Shannon and Carmen Wampler-Collins, a lesbian couple for 20 committed years, with two children, fought to exercise their right to same-sex marriage on Sept. 14 in Morehead, Ky. That day, Rowan County Clerk Kim Davis returned to work after being jailed for defying the recent U.S. Supreme Court decision legalizing same-sex marriage. Davis had refused licenses to same-sex couples, including the Wampler-Collinses. Minnie Bruce Pratt of Workers World interviewed Shannon about the couple’s struggle and resistance.Shannon and Carmen Wampler-Collins with the Rowan County Rights Coalition, outside the County Courthouse in Morehead, Ky., Sept. 14.Photo: Michael LongWW: You and Carmen met in 1989 and had a commitment ceremony in 1995. Tell us a little about yourselves and how you met.Shannon: Nowadays, I’m a chef. I went to culinary school in 2010, and I’m cooking in a restaurant — usually a man’s world and work! Carmen works with nonprofits as a grant writer and consultant.We met while we were both working the counter at Bart’s Ice Cream in Northampton, Massachusetts. She was a “Smithie” going to Smith College, and I was a “townie,” where growing up we felt overpowered by Smith: “Those rich kids coming here.” But Carmen was not. She comes from a poor background.We had the same sense of humor. We just hit it off and the connection just bloomed. We got together as a couple on my grandmother’s birthday. We were in love then, and we still are now.WW: When’s the ceremony for Kentucky scheduled?Shannon: There’s still contention over the license we received. The ACLU is investigating. Kim Davis crossed off her name as county clerk and wrote in “pursuant to federal order” and changed Rowan County to the name of the town — Morehead. We definitely feel we got the license as second-class citizens. Carmen was born and raised in Rowan County!We are waiting to hear more to have the ceremony, hopefully within the 30-day time limit on the license. We’d planned something small — justice of the peace, lunch out. But the boys protested we’d had one wedding without them and are demanding something big. So we said, “If you want a wedding, you can plan the wedding!” They’re 16 and 11. They are activist children.WW: You’ve said you two were married by your own ceremony long before the Supreme Court decision, but you want “legal protection” for your family.Shannon: In Massachusetts, there’s co-parent adoption, but not in Kentucky. I adopted our younger son as a single mother. My sister carried him — and Carmen carried our older son.We’ve raised both boys together as a family. But in Kentucky, I have no legal relation to our older son — who is my child too — if something happens. And Carmen wouldn’t have any to our younger son, who is also her child.Carmen had a serious medical condition a couple of years ago, so the possibility is real and so scary.WW: Would you describe getting into the County Clerk’s office on Monday?Shannon: We live in Lexington now, an hour’s drive from Morehead. When we got to the courthouse, it was surreal. Bigots had come from wherever they got them from, and were lined up in trucks along the street, using loudspeakers to shout ugly things.Our people were right there, the Rowan County Rights Coalition. They gathered around us in a circle. They got us through the haters on the outskirts who lined the route and were actually inside the courthouse.Then we went up to the counter, and Brian [Mason] was hilarious. He said, “I’ve been waiting for you two!” [Mason is the deputy clerk openly in favor of issuing same-sex marriage licenses—WW.]As we were going out, one woman got in my face shouting, “Sex between two women is wrong!” I just want to fight with these people. I get so angry. So I said, “You must not be doing it right!”WW: The people who got you safely into the courthouse — who were they?Shannon: That’s the Rowan County Rights Coalition. One of the forefront leaders was best friends with Carmen’s aunt and mom, part of the family when Carmen was growing up. That woman is an activist extreme. She’s been involved in protest since the 60s and has worked with union organizers.The coalition is outraged people, straight couples, gay couples, people who are trans* and bi, people from Morehead State, new people who’ve moved to the county and some who have grown up there. [“Trans*” is a word currently used, with the asterisk, to indicate the spectrum of all the different genders of people who do not conform to the either/or of male/female.—WW]We have a trans* couple Kim Davis actually signed a license for. One member of the couple identifies as male, but his birth certificate still lists female. Kim Davis looked at the two of them, saw male and female, and just assumed. People make all kinds of assumptions.The coalition has rallied in front of the courthouse throughout. We had one side of the courthouse lawn. The opposition had the other. First, we were flashing peace signs and blowing kisses, and then we started chanting: “Gay or straight! Black or white! Marriage is a civil right!”WW: Right-wing, gun-toting “Oath Keepers” threatened to show up to “defend” Kim Davis. What’s the sentiment of the local community?Shannon: Protest here is a lot more personal. Families are facing off against each other on both sides of the issue.Rowan County is a small, quiet, tight-knit, keep-to-yourself place. Things go on as they have gone. While there are progressive people, it‘s not a place where people rock the boat. People have conflicts, but they don’t like to talk about them.This struggle opened up what has been bubbling underneath. There are gay and lesbian people living here. Until this, they kept it to themselves, lived in the closet, or maybe they were out but not loud about it. The progressives have not had a unified voice until now. This is making a difference. This isn’t just a small, isolated town. There are progressives here as well as fundamentalists.WW: There’s a 30 percent poverty rate in Rowan County. On Facebook one of your local supporters said she saw a right-wing “Sodomy Is a National Sin” sign and wanted to replace it with “Poverty is a National Sin.”Shannon: Poverty is a huge issue here. This used to be a big tobacco area. Lumber mills are a big industry. The hospital and Morehead State University are big employers.For those with less education, Guardian Auto Glass, that’s considered a big, high-paying job starting around ten dollars an hour. Otherwise, it’s Walmart, Kroger, lower-paying, service jobs, no insurance. Some people drive half an hour to Mount Sterling, where there’re more factory jobs. But they’re living in poverty, paying for gas to commute.Morehead is not quite 7,000 people. Rowan County not much more than 20,000.It‘s not a huge place, but it‘s bigger than a lot of towns in the area. It’s an important regional center in the surrounding rural Appalachian area.We are trying to bring the good to it. Now, we’ve met these people. There’s promise. There’s good here that I haven’t seen before.We have a niece, 19 years old. She lives in Morehead and may live there forever. We want to make a better place for her.FacebookTwitterWhatsAppEmailPrintMoreShare thisFacebookTwitterWhatsAppEmailPrintMoreShare this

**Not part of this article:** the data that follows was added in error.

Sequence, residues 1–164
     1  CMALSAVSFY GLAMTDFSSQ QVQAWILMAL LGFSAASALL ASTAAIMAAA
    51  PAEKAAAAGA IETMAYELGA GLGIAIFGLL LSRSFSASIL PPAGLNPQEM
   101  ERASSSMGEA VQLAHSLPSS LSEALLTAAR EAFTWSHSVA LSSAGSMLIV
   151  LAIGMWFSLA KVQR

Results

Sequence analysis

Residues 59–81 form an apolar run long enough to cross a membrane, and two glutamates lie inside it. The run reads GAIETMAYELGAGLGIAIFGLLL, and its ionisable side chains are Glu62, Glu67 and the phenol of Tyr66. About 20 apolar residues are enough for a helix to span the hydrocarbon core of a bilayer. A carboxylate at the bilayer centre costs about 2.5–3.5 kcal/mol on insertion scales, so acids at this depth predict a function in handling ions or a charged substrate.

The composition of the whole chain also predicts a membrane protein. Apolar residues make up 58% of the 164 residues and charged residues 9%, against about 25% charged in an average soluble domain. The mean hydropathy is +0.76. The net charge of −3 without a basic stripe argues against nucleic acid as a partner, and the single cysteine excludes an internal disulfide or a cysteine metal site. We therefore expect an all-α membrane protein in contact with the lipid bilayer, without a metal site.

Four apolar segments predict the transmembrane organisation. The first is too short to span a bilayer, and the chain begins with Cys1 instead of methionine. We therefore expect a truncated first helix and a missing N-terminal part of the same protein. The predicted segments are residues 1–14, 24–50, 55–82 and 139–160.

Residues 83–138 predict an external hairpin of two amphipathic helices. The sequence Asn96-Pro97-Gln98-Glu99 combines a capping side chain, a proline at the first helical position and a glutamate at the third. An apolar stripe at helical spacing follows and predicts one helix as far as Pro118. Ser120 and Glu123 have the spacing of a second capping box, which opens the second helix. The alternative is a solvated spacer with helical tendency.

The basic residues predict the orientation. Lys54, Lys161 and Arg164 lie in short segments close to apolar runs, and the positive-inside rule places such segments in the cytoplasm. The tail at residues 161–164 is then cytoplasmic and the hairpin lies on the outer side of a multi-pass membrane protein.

Ocean City Business Administrator George Savastano, right, and Ocean City resident Tom Oves Sr. study a rendering that depicts what the wind farm’s turbines would look like from the vantage point of North Wildwood. By MADDY VITALEStanding behind a piece of Scotch tape that was about 45 inches away from a rendering of a proposed ocean wind farm, William Henry took a long look Saturday morning at a town hall meeting at the Ocean City Tabernacle. Fixed to the spot, he peered at the visual as if he was standing on the shoreline, gazing out at the ocean.Henry, an Ocean City resident who is a State Police lieutenant and station commander at the Woodbine barracks, said he sees a wind farm as a positive for the environment and something that could even help him when he is out spear fishing.The turbine structures become a manmade reef for marine life, which could attract his catches along the way, he noted.“I think it is a good project for Ocean City, the community and neighboring communities,” Henry said. “As far as the scenery, I know some people don’t want to see it, but I think it is nominal. You can’t really see it from the shore. I don’t really see it as a problem.”This picture depicts the view of the proposed wind farm on the horizon, 15 miles offshore. The white turbine blades are barely visible in the distance. (Rendering from Orsted)The project, expected to be completed in 2024, is touted by Orsted, the company that wants to build the wind farm, as one that would supply clean renewable energy, power more than half a million New Jersey homes and create thousands of jobs.The project, which would be constructed 15 miles off Atlantic City, has at least two years of permitting to go through before anything is a go – so it will be a while before 90 turbines take up residence in the Atlantic off the New Jersey coast, officials said.The turbines would be spaced about a mile apart in rows and installed in deep water. The hub of the turbine would stand 511 feet tall, with blades increasing the height to a total of 905 feet, Orsted representatives said.Kris Ohleth, senior stakeholder relations manager of Orsted, along with other company representatives, met with residents, city officials and others interested in learning what the project was about during a two-hour town hall meeting Saturday at the Ocean City Tabernacle. Orsted had renderings of the project in the Tabernacle lobby.Scotch tape was put on the floor about 45 inches away from the renderings, replicating the view people would have of the turbines if they were actually standing on the shoreline looking out at the wind farm 15 miles away.Unlike William Henry, who supports the project, there were some who were concerned about the wind farm. Fear of the unknown and fear of the possibility that the wind farm could harm tourism in Ocean City, an area that heavily depends on it to thrive, gave some opponents and some skeptics of the project reasons to voice their concerns.The Oves family, who owns Oves Restaurant on the Boardwalk, has lived in the resort for generations.Chris Oves and his father, Tom Oves Sr., attended the presentation Saturday. Both of them had some reservations about the wind farm.“I am in support of it if they would put it out 25 miles or more,” Chris Oves said. “But that would cost a lot more money. Look, the mayor is for it, I’m for it if they take it out farther.”Oves noted when speaking with an Orsted representative, Vince Maione, that he had questions that needed to be answered.“We need to study this,” he said, before walking away.Oves, who is a high school science teacher, said he loves his community and just wants to ensure the seascape is not altered by turbines in the water. He is concerned it could affect tourism. Ocean City resident Bill Bradway also said he had questions. “There are too many questions that have yet to be answered,” Bradway said. “There needs to be a study about how it will affect the environment.”Bradway said he questions whether the project is nothing more than a government-subsidized plan that ultimately would not be in the best interest of the residents or the environment.William Henry, of Ocean City, looks at an Ocean City visual.Some visuals on easels around the room depicted a person’s view from the shoreline in areas from Stone Harbor, the Wildwoods and up to Somers Point and Atlantic City.It was the second such meeting the company has held in Ocean City. The first, in August, did not have all of the visuals and maps of what people would be able to see from the beach.As with the initial meeting, members of the public spoke Saturday with Orsted officials and viewed maps, leaflets on the company, and asked an array of questions ranging from how the turbines could affect marine life to whether the wind farm could be heard on shore or seen. However, instead of a large meeting, it was clusters of people asking questions of many Orsted officials at different tables.Ohleth said before the meeting that she realizes some people will not be for wind farms.Last week, Ohleth explained in an interview with OCNJDaily.com that the view of the turbines would be minimal.“You will be able to see them from shore, but they would be barely visible on only the clearest of days and about an eighth of an inch high off of the water – the horizon,” she said. She also said the wind farm, which has a potential swath of lease space along the coast of Atlantic, Ocean and Cape May counties, would not be audible from shore. On Saturday, Ohleth said she was met by positive feedback from officials and members of the public during meetings in Ocean County and Atlantic City this week.“It’s been very positive,” she said. “The reception has been that people are excited about the opportunity for clean energy, especially up in Ocean County.”She noted that the turbines would not be seen from Ocean County, but cables would be routed through there.Orsted representatives answer questions from members of the public.Orsted is exploring three locations where underground cables could connect to the grid in the Ocean City area. One includes the former B.L. England Generating Station in Beesley’s Point, where clean energy would replace what was once produced at the coal-burning plant. If this location is chosen, underground cables would pass below Ocean City, Mayor Jay Gillian explained in a letter that went out to residents in November. Orsted will return to Ocean City to host another town hall meeting, likely in the spring or early summer, officials said.Gillian attended Saturday’s meeting, along with a host of other city officials and dignitaries.The mayor did not wish to be quoted at the meeting, but said in his letter Nov. 15 to residents, “We are writing to tell you about an exciting new project that Orsted will bring to New Jersey. All of the energy produced by the Ocean Wind project will be delivered to the existing New Jersey electric grid, serving local homes and businesses.” Ohleth said that if Orsted and city officials agree to run cables through Ocean City, improvements would be made to the local infrastructure.“Depending on where we put the cables, there is a possibility of adding more pumping stations or raising the roads,” she noted. “We would work with the mayor and the city.”Kris Ohleth, senior stakeholder relations manager of Orsted, goes over some slides in a presentation at the town hall meeting.